So for now, sit up.
Ok, I’m in how do I start?
The easiest and most simple way to begin meditating is by focusing on your breath.
You have your breath with you wherever you go and there is no cost involved.
Sit or stand still, and draw a deep breath in through your nose as you fill your belly up like a balloon with the inhalation.
Exhale through the nose drawing the belly in toward the spine.
Need a visual?
Picture a newborn breathing.
Their tiny little belly’s fill up like a balloon when they breathe in and then float all the way down on their exhale.
For beginners, it can be helpful to place one hand above the belly button and the other slightly below the belly.
Then you will feel the rise and fall of the breath, and incorporate it into your awareness.
Still feeling a bit unsure of how to breathe?
When you are lying down, place your hands on the belly and feel the rise and fall of your body along with your breath.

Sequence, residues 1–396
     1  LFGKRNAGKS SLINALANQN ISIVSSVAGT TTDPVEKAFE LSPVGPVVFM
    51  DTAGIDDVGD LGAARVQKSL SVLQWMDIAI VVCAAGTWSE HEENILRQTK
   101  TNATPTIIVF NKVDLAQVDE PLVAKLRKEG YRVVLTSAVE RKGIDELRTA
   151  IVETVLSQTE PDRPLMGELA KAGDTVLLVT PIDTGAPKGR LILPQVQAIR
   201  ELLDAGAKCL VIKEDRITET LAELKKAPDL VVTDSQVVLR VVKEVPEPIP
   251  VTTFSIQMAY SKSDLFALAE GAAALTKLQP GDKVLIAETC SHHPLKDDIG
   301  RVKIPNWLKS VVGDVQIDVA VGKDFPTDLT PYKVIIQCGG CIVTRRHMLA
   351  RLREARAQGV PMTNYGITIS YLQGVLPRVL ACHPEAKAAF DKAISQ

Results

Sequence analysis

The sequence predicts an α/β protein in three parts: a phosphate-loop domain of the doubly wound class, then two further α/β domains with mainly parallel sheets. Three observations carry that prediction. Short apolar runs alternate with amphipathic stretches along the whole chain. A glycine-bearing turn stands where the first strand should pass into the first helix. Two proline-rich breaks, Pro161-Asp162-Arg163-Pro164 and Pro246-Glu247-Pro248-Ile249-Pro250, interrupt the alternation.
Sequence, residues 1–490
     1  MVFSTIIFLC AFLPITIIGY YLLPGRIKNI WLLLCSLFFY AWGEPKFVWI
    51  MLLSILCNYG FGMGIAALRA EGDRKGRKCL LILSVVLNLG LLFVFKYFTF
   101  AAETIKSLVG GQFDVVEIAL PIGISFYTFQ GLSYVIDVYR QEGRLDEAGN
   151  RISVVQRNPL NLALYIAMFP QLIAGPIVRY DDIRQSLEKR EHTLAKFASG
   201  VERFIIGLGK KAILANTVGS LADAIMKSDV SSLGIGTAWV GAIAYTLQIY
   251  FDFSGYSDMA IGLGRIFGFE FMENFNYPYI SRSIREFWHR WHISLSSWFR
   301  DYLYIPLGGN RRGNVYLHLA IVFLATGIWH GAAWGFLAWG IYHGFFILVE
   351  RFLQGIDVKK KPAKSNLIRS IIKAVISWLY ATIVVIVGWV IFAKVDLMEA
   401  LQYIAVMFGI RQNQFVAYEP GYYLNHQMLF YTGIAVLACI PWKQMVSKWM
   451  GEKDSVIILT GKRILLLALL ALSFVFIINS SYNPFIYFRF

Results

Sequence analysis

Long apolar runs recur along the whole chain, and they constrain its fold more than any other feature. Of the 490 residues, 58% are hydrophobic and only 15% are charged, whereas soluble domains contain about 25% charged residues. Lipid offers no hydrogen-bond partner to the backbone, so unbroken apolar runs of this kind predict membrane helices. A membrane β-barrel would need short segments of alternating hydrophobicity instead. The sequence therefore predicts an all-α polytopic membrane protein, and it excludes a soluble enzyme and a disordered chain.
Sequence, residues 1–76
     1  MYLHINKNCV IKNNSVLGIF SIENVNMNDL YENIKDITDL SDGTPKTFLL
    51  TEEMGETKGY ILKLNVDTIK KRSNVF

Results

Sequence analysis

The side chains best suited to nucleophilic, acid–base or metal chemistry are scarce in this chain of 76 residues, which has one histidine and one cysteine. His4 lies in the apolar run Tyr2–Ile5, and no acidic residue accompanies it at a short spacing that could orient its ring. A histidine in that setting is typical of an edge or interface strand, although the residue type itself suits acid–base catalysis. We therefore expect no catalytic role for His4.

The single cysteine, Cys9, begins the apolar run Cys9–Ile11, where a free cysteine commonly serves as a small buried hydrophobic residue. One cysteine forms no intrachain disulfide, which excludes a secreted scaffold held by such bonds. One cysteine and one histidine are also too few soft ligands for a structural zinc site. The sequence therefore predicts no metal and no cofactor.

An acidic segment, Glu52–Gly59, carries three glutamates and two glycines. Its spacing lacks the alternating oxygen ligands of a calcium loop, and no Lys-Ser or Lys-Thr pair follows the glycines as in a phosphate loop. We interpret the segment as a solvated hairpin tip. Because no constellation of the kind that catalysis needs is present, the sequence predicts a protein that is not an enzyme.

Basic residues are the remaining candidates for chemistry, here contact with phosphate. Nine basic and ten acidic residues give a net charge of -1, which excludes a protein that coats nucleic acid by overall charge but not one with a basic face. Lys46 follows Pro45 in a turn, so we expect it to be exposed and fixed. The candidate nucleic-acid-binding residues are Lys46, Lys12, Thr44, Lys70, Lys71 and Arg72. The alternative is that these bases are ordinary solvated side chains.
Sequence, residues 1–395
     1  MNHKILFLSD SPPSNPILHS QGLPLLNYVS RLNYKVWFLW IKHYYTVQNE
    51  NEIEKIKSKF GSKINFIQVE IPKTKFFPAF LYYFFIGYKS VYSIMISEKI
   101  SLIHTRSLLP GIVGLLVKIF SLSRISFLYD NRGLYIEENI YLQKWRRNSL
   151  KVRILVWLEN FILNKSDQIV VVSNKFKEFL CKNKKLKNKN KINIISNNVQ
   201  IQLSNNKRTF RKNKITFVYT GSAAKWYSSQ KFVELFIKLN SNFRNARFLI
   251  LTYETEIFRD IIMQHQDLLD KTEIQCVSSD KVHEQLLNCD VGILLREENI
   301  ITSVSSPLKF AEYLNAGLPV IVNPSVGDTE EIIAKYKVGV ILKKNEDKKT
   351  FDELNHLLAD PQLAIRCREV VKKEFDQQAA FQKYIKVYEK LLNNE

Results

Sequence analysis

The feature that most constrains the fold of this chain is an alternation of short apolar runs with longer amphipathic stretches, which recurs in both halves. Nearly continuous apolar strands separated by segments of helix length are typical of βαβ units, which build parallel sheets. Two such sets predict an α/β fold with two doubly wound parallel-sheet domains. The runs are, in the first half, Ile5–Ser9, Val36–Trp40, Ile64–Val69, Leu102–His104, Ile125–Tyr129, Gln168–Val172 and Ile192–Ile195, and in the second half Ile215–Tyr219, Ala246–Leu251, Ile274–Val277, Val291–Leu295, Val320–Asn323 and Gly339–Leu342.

You will be an expert in no time!
3-5 minutes is all that is required to start your practice.
Create a walking meditation
Once again, simple, easy, no cost or extra time required out of the day.
While walking, pay attention to how you are breathing, notice how you are lifting each foot, and where and how you are placing it back down on the ground.
Is the front of your foot hitting the ground first or is the heel being placed down?
Are the arms moving?
Are your arms static at your side?
Focus on the path you are taking.
The sounds you are hearing. What smells are prevalent and favorable?
Notice objects or people that fall into your line of sight.
During the entire time you are walking, breathing, in and out.
What music can I listen to?
Please, no Rap, Hip Hop or Country!
Though you may enjoy these music forms during your day, they are not conducive to relaxation in your mind and body.
There are literally hours upon hours of meditation music you can sample on YouTube.
Do some research and randomly pick a video that appeals to you, play it and if you notice your body and mind beginning to slow down and relax give that one a go.
I personally have once again begun listening to my own recording of a Crystal bowl meditation I had produced for my clients.
So cool being a participant in your own work!
Let us know some of your favorite meditation practices or tips in the comment section below!